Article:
The Best Books for Software Developers in 2022
A number of books have had a profound impact on my growth as a software engineer.
This is a list of those books.
Table of Contents
- The "Must Reads"
- Clean Code - Robert C. Martin
- The Pragmatic Programmer - David Thomas and Andrew Hunt
- Personal Growth
- 7 Habits of Highly Effective People - Stephen Covey
- How to Win Friends and Influence People - Dale Carnegie
- Company of One - Paul Jarvis
- Team Management & Leadership
- High Output Management - Andrew Grove
- The Making of a Manager - Julie Zhuo
- Startup Books
- The Hard Thing About Hard Things - Ben Horowitz
- The Lean Startup - Eric Ries
The absolute best book for all developers who want to quickly get better at writing significantly better code.
If you want to learn how to write better code that the rest of your team can understand, this book is better than any other resource. Specifically, it dives into topics such as naming things, structuring and breaking down methods, code smells, and refactoring.
If you are or have goals of becoming a rockstar developer someday, this book will get you there.
The 7 Habits of Highly Effective People
Stephen Covey is a genius in human psychology. In this book, he dives deep into how you can be as effective as possible at anything you want.
It covers topics like how to work and interact with people so that everyone wins and gets what they want.
I learned how to think about situations and approach them in a way such that you know the direction and purpose of your effort from the moment you begin putting effort into something.
Even simple things like, how to be more proactive and get the things you want rather than waiting for them to eventually happen. If they ever do at all.
This is a fantastic book for anyone interested in improving their personal interactions, making better deals, and overall getting the outcomes in life that they want. Find a copy here.
How to Win Friends and Influence People
Dale Carnegie teaches us how to win friends and improve our overall interactions with other people.
The psychology behind how to be liked, how to build stronger relationships, and how to get the outcomes we want when working with people.
The title can be a little deceiving because our goal isn't to manipulate people. But you'll find in this book a better understanding of how your actions really do drive certain reactions and behaviors from people. And if you understand how and why this happens, you can better control the reactions and behaviors that you get from other people.
It's a psychological, mind-blowing read that just reminds you of basic things that we don't usually always think about but have a large impact on how people perceive and think about us.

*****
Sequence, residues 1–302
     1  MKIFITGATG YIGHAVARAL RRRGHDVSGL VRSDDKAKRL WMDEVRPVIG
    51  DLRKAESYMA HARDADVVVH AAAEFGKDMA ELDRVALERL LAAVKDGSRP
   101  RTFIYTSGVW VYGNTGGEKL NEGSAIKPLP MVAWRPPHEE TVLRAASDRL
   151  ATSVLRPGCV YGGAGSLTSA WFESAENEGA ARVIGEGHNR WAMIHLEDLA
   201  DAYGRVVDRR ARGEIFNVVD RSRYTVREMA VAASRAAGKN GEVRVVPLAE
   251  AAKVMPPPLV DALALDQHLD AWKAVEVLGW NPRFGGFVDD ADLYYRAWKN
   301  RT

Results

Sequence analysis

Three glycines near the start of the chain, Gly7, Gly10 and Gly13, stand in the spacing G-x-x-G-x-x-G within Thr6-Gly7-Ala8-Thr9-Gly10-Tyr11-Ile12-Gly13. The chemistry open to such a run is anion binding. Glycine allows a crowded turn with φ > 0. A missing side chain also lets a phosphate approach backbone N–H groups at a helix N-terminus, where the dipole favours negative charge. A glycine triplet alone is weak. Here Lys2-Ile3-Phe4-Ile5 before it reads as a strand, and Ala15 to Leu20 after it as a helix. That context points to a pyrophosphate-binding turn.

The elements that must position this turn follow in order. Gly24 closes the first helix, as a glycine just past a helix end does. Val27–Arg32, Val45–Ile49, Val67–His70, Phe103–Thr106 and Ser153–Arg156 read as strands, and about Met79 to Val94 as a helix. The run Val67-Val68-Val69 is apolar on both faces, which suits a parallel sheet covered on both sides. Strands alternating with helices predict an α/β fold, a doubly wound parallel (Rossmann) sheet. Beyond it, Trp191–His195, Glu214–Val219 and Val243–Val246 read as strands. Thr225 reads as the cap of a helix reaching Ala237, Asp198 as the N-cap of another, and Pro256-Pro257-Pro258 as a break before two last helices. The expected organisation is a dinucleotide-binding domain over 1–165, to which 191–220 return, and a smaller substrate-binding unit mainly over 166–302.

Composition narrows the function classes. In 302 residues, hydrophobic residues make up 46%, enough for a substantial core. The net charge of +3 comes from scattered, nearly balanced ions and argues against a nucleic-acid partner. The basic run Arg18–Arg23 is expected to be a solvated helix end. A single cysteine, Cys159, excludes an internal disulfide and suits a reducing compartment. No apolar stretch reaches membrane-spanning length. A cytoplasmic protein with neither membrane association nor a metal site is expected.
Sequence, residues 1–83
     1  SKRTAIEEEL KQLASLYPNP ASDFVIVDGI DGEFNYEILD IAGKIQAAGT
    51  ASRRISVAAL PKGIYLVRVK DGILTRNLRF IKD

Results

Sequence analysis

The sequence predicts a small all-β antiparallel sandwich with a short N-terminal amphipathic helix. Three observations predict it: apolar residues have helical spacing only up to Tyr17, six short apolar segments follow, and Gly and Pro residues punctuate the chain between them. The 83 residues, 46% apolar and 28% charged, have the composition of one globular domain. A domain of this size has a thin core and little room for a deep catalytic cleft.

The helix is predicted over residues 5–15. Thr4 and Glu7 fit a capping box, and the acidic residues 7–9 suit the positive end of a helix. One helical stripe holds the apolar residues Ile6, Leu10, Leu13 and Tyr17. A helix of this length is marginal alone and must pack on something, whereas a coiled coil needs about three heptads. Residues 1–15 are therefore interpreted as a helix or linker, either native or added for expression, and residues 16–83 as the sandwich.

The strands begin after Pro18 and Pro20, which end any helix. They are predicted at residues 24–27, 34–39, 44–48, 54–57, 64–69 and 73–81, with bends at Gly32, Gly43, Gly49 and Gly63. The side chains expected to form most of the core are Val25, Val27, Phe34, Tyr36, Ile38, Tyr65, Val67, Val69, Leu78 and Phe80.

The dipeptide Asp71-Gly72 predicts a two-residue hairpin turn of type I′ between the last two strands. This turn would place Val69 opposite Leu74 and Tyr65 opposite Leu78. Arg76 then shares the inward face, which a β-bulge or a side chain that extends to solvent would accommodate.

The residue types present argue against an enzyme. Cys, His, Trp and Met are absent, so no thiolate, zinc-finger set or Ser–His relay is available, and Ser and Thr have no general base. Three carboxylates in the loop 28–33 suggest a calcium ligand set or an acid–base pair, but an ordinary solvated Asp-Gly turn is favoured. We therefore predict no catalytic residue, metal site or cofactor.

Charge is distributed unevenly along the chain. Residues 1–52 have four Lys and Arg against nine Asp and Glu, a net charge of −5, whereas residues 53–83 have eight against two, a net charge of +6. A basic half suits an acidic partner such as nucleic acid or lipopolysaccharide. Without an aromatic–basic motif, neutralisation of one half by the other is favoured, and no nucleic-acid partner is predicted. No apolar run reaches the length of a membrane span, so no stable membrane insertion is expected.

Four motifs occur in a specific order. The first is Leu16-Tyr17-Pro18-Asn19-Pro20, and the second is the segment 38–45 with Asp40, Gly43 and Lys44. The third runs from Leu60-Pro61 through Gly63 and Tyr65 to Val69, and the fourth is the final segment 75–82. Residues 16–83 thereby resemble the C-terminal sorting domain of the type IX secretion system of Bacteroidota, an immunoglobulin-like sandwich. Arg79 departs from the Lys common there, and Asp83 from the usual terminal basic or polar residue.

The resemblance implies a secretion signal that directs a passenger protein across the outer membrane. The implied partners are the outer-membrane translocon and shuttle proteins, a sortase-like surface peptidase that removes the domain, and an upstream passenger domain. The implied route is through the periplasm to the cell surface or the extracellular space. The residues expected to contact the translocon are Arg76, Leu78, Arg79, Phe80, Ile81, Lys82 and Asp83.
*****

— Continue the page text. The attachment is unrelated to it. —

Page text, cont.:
If you're interested in improving how others perceive you and value being likable, highly looked up to, and respected - this is the book that will do it.
High Output Management
Andy Grove was the CEO and leader of Intel and is largely responsible for growing it into the massive company it is today.
In High Output Management, Grove dives deep into how management styles can have an impact on the output of a team. Specifically how, as a manager, you can scale your impact and ultimately have a much bigger impact on a team by enabling every member of the team to have a bigger impact.
It's a great read for anyone who is interested in management and improving their impact as a manager. If you want to become a manager at some point or improve your impact on the team, grab a copy.
The Lean Startup
This is a great book for anyone interested in building a software business.
The Lean Startup walks you through the process of creating a startup, but with an emphasis on the Lean process. That is a truly scientific and methodical approach to building features and products that help people and iterating on things by getting feedback and treating everything as an experiment.
You'll learn things like how to build an MVP that really accomplishes the goal of an MVP. How to not spend time building extra features or guessing what users need. Build the bare minimum product that delivers value and iterate from there.
Even if you aren't starting your own company, this is a book that will give you so much knowledge and a massive advantage at the startup you currently work at.
Recently, our team lost our product manager and I was able to step up and navigate our product development solely because of the incredible startup insights in this book.
Please let me know if there's a book that you think should be on my list on Twitter.